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Molding Exhibit and Contractual Models

by Michael F. Langhoff

The contractual space no more?

The contractual space no more?

At first I was interested in contracts.  This is no longer the case.  Learning that agreements happen in all shapes and sizes, a contract just isn’t what it used to be.  Or maybe they’re just not as ivory as I perceived them to be.  Instead of writing out long [dis]agreement forms that state what artists can and cannot do, I am finding that there is much less restriction for artists showing in galleries and institutions than I initially had in mind.  From exchanges that I have had with representatives from the MCA, AIC, SAIC as well as smaller spaces such Around the Coyote and the Swimming Pool Project Space I have gathered there is a natural push away from formal written contracts and much more happening through emails and conversations over coffee.

Liz Nielsen of Swimming Pool Project Space (Chicago), says that formal contracts are written by request of the artist.  Otherwise most of their agreements are necessarily informal.
“Funny enough, that is how it has been for me as an artist for any galleries I have dealt with, even the ones I have been represented by.  In fact, I’m wary of the formal contracts that I have had to sign.”

Formal contracts for curators and artists and administrators are avoided unless there is a serious liability in exhibiting the work.  Whether for flexibility sake or for sheer fact that writing up agreements just takes up to much time, there is an air of efficiency that comes with dodging this (sometimes necessary) step all together.  In some cases, major decisions aren’t pulled until moments before the opening and adding stacks of paper work into the mix just isn’t sensible with low-risk liabilities.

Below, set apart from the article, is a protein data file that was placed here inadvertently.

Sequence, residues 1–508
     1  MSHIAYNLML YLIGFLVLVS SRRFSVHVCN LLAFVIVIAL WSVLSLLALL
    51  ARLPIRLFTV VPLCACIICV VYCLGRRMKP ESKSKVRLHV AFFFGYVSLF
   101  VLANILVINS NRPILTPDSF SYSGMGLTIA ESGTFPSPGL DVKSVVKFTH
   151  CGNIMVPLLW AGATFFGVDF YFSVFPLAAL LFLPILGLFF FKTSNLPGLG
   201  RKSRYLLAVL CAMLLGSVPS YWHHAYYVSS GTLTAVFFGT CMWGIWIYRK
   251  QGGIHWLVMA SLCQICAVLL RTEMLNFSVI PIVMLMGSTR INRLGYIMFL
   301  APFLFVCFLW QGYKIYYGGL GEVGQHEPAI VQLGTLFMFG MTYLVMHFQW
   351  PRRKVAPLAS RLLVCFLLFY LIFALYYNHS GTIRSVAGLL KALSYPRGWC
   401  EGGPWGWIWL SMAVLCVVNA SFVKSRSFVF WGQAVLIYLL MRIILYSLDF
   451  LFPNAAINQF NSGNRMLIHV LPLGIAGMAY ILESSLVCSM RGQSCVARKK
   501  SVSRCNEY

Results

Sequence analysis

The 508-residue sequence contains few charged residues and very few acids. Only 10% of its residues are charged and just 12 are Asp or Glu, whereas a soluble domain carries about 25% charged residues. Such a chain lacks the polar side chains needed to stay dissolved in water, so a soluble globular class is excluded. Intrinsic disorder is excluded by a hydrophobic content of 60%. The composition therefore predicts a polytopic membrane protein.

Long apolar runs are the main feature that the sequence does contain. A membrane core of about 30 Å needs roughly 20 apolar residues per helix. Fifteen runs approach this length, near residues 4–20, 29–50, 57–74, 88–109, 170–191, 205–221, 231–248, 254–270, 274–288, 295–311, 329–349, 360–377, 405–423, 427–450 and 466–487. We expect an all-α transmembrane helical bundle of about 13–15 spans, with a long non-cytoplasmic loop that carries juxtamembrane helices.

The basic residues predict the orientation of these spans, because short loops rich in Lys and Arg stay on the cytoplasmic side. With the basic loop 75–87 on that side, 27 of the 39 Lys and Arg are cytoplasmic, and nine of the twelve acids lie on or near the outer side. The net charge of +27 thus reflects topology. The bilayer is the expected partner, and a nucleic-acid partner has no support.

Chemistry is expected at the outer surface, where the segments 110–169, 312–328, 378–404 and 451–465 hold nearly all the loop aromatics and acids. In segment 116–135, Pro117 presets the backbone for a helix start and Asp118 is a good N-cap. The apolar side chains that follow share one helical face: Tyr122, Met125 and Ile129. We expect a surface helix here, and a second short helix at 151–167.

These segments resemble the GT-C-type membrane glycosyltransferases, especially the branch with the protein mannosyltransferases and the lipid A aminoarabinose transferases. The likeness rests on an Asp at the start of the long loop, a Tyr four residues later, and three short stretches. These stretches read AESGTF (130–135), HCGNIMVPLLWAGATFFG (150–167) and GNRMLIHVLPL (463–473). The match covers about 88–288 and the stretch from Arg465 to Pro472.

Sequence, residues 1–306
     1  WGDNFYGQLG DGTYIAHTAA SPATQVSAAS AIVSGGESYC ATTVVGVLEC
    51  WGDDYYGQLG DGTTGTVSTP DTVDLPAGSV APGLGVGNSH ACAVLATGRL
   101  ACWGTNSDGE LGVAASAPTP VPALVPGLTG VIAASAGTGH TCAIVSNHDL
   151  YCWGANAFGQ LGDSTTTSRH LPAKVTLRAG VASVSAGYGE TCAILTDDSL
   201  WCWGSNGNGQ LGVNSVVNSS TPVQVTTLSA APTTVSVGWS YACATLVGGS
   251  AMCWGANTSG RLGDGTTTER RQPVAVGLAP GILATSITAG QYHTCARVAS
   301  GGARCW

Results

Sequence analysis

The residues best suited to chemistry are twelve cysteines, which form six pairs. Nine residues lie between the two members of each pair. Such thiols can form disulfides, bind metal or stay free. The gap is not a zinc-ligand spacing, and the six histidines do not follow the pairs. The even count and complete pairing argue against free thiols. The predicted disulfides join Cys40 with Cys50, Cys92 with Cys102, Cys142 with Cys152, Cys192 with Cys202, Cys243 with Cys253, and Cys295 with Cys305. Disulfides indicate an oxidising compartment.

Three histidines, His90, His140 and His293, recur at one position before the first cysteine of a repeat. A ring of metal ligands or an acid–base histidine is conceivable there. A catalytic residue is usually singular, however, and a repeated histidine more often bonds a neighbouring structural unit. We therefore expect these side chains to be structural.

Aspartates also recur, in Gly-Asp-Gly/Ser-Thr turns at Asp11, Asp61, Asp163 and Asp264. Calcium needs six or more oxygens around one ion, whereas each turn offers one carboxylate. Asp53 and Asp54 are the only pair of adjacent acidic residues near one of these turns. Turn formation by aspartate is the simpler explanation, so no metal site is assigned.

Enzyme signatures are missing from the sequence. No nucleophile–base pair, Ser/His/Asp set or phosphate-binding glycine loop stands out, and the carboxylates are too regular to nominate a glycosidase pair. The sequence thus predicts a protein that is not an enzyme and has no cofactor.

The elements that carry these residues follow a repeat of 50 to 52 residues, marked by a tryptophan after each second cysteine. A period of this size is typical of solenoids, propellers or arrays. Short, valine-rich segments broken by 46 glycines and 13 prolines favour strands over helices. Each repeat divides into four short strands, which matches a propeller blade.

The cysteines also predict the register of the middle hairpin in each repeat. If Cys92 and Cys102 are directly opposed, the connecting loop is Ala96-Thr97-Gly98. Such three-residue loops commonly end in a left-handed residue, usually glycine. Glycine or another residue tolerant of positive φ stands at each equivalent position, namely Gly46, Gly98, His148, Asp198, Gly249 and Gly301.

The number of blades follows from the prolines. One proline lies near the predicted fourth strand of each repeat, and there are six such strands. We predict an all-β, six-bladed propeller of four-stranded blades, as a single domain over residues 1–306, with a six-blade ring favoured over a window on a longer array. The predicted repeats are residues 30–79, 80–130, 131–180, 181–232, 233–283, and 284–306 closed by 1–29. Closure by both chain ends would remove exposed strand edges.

Ok, this isn’t entirely new to us, but we are certainly erecting newer processes and forms of agreement to keep up with exhibiting works of art that are moving and changing.  My concern was that perhaps these new processes are inadequate extensions of old forms.

Let me try to make this clearer.  When artists move away from object making, and the framework of the institution is required to shift accordingly, how will this change the dynamic between artist and institution and what practical steps are institutions making to house ‘non-objects?’  Will artists still need galleries 20 years from now?  Of course!  Artists love them, the public loves them and curators need them.  The model works.  It’s up to the artists to keep making things that will work within them.  Otherwise the MCA would simply be white paint, track lighting and the empty space between.

Maybe these spaces will be more reliant on programming and events, but I am sure the essential model will continue, it’s just a question of how.  And this leads me to my deeper concern which is for our artist friends.  Is art practice being modeled by the system or is it developing nuances through breaking out of these (very enticing) molds.  The relationship is mutual for sure, but we ought to question who is generating the greater influence.  How are emerging contemporary art forms challenging the contextual models that are our primary support systems (galleries, museums, project spaces and institutions) and to what degree are these support systems being challenged?